By Delusional Economics, who is horrified at the state of economic commentary in Australia and is determined to cleanse the daily flow of vested interests propaganda to produce a balanced counterpoint. Cross posted from MacroBusiness
As you may have noticed the news is a bit slow out of Europe recently. It is the holiday season in which the Euro-elite pack-up and head to the beaches for some R&R. Angela Merkel returned from her break yesterday so over the next week or so we should start to see some clarity around exactly what her government has to say about Mario Draghi’s master plan.
As you may be aware, the plan hinges on Spain and Italy requesting bailouts to ensure that they are legally bound to implement fiscal reforms while the ECB provides a backstop in the secondary sovereign bond market. Obviously none of this has occurred yet, and much of it can’t until the German constutional court decides on the legaility of the ESM in September, so it was no surprise that for the 22nd week in a row the ECB has reported that its total Securities Market Program purchases were €0.
In the meantime the focus is back on Greece where the Troika has been visiting once again. The country still appears to be having troubles determining exactly where the additional €10bn requested by the Trokia is going to come from. There is also another marked change in rhetoric from the German camp with a number of politicians stating it is time for the country to leave the Euro and that Germany will veto any new aid unless there has been 100% compliance with previous programs.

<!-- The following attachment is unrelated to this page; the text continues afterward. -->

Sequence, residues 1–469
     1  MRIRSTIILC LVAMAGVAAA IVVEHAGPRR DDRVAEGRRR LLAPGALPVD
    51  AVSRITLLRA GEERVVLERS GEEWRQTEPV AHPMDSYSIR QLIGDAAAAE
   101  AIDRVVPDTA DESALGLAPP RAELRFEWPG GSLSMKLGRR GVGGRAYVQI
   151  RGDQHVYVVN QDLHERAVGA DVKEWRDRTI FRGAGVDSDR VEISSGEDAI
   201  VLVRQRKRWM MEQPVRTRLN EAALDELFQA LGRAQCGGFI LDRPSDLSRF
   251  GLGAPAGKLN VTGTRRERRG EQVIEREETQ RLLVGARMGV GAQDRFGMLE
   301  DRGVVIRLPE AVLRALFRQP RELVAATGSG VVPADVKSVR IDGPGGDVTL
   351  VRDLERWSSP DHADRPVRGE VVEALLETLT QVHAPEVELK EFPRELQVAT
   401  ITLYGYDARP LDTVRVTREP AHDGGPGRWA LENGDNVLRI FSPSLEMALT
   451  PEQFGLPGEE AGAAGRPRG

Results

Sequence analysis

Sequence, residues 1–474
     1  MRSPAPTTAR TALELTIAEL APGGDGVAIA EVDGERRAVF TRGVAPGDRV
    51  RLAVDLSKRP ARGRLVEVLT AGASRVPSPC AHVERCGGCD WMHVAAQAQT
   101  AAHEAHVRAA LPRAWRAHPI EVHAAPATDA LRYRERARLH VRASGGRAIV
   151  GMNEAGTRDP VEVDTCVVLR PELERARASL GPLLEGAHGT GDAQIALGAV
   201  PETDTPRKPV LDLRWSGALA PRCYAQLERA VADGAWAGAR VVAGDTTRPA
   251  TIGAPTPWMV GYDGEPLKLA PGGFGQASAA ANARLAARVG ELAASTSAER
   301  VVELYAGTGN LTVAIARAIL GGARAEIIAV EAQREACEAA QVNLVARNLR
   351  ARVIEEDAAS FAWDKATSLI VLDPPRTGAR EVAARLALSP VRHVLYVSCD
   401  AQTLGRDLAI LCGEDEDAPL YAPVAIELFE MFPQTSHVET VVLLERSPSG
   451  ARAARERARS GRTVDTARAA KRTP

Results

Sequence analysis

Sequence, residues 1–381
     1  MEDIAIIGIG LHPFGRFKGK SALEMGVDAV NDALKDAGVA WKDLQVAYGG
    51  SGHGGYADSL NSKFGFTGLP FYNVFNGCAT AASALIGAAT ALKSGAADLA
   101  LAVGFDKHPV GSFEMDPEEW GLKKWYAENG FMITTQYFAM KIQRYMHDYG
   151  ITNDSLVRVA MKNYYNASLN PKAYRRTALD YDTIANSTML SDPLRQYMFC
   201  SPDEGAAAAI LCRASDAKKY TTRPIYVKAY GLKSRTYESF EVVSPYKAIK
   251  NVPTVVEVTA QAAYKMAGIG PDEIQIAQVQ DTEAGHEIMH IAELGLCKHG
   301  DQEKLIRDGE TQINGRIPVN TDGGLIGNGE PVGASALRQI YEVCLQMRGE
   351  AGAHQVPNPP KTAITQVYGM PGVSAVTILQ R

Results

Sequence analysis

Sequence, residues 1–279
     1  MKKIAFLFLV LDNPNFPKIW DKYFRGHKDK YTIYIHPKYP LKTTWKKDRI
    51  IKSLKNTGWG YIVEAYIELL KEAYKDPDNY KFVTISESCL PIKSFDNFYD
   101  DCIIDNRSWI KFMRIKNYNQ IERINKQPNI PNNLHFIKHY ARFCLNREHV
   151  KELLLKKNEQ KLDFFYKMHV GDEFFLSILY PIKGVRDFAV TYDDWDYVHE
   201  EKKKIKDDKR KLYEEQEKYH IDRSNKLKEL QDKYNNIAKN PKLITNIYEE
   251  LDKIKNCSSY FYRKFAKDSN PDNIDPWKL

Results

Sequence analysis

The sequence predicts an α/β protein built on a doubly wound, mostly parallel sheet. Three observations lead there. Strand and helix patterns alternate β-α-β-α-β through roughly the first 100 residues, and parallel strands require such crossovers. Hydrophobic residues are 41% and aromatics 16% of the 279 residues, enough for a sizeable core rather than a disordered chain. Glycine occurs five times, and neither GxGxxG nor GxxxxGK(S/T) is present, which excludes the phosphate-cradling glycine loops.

The situation in Greece certainly isn’t getting any better with the latest GDP estimate for Q2 coming in at -6.2% YoY. This is up slightly from Q1 but it still very obviously a depression-like contraction. As I mentioned after the last governing council meeting, the ECB has extended Greece’s ELA program in order to support the country in the short term. In the month of July the facility was used to inject €44bn into the banking system which is obviously still seeing capital flight.
Greece, however, isn’t the only nation that continues to struggle. As you may have noticed if you’ve been following the posts on European PMIs, Italy’s manufacturing appears to have fallen off a cliff and that is flowing through to economic growth:
Italy’s economy contracted for a fourth straight quarter in the three months through June as manufacturing slumped and the euro-area debt crisis intensified.
Gross domestic product declined 0.7 percent in the second quarter, Rome-based national statistics institute Istat said in a preliminary report today. The contraction was less than the median forecast for a 0.8 percent decline in a survey of 22 economists by Bloomberg News. GDP fell 2.5 percent from a year earlier, the most since the final quarter of 2009.
But it isn’t just manufacturing where the economic slowdown is becoming obvious. Much like Spain, although not a systemic issue, Italy’s real estate market is also being affected: